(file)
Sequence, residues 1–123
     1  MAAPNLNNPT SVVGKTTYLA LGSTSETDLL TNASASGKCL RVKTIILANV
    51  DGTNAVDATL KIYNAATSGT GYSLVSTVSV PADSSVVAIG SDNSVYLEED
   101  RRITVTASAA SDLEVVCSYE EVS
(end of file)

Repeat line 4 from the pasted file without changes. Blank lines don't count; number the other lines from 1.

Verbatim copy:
   101  RRITVTASAA SDLEVVCSYE EVS